Glycol-based liquids are also used for de-icing purposes.  However, they are generally electrically conductive and would present a hazard when de-icing energized equipment.  There would also be a risk of short-circuiting the post insulators through the effects of conductive liquid runoff that has been contaminated by minerals on the surface of the ice.  It would also be important to collect these liquids for environmental purposes, which entails some costs.

Another technique is steam-based de-icing, which is an improved version of the hot water method. Steam-based de-icing is frequently used by Quebec municipalities.  It is efficient for deicing low in cost. Operators are not splashed by the water.  This technique was therefore retained in view of further evaluation of de-icing applications for energized and de-energized equipment. fire hydrants, water pipes, the ground, and cabinets.  The technique is simple to use and low in cost. Operators are not splashed by the water.  This technique was therefore retained in view of further evaluation of de-icing applications for energized and de-energized equipment.

Clearances in high voltage equipment in substation:

High levels of snow in the substations can encroach on the limits of approach around energized equipment, making inspection and manual operating of the equipment unsafe for field personnel.  Some Canadian utilities take high levels of snow (up to 900mm/3ft of packed snow) into account when designing the foundations and height of equipment, a situation that leads to higher costs and issues related to access by operating personnel to equipment control cabinets.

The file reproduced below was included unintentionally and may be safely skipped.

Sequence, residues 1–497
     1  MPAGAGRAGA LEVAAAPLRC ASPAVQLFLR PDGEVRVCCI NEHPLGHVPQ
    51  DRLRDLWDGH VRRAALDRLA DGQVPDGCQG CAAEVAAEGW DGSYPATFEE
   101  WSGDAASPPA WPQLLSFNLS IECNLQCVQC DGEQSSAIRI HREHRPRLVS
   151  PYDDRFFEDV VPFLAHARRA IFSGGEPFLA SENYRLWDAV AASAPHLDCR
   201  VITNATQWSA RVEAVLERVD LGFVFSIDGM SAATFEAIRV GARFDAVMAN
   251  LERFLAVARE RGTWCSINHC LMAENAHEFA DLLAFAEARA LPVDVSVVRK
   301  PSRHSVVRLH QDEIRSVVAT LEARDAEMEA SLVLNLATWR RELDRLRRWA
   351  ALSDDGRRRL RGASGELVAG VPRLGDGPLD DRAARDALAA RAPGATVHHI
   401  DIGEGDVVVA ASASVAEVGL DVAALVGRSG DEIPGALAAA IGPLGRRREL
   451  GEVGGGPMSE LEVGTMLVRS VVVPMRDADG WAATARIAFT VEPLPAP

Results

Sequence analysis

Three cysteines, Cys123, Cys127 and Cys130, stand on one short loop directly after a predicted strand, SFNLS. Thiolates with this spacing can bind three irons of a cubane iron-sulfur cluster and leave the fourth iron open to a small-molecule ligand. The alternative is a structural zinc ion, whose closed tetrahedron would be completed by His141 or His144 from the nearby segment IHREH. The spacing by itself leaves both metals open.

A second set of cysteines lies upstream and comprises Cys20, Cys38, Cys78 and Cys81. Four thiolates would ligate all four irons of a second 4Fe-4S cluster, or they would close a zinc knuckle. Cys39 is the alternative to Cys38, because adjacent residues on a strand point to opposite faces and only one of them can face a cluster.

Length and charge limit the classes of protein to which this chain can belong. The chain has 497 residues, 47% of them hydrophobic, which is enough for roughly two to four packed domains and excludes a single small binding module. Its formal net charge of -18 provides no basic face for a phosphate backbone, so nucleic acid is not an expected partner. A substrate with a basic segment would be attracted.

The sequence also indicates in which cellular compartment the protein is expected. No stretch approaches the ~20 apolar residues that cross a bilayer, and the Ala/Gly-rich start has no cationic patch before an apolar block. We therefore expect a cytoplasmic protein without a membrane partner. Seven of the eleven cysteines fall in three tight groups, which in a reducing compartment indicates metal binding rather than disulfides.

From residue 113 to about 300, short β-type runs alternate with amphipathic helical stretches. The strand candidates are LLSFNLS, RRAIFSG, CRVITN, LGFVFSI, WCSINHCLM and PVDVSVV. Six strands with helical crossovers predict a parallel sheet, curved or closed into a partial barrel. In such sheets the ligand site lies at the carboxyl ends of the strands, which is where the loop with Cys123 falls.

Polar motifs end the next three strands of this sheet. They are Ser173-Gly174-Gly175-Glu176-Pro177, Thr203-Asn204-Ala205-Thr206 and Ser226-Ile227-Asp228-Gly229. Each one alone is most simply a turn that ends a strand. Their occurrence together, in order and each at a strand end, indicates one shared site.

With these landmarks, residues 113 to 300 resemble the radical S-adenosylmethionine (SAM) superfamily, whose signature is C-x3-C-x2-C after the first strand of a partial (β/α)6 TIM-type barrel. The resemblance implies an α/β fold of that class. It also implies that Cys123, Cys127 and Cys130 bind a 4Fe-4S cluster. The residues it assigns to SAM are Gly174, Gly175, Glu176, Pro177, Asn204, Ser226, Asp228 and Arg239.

On very rare occasions, cases have been reported where snow levels exceeded any expectations and due to shorter dielectric distances, L-G arcing between HV terminals and snow has occurred.  In British Columbia, at least one occurrence is known (in mid. the 1990s) where the level of snow under a 500kV line through the mountains required taking the line out-of-service.

Switchgear insulators by RG and snowcap:

Ice accumulation on insulators during cold winter days followed by slowly rising temperatures creates favorable conditions for insulator flashover, especially in heavily polluted areas.  This can cause numerous outages due to this phenomenon.  A possible solution is to use RG insulators and to monitor weather conditions.

The whole substation may not be affected due to snow and ice.  It can be only some parts of the installation, e.g. terminal parts of a disconnecting switch covered by snow-cap.  As countermeasures against snow-cap, upgrade of insulation level of insulator or bushing and attaching covers for snow-cap prevention may be considered.

Using mixed gas in circuit breaker and other equipment: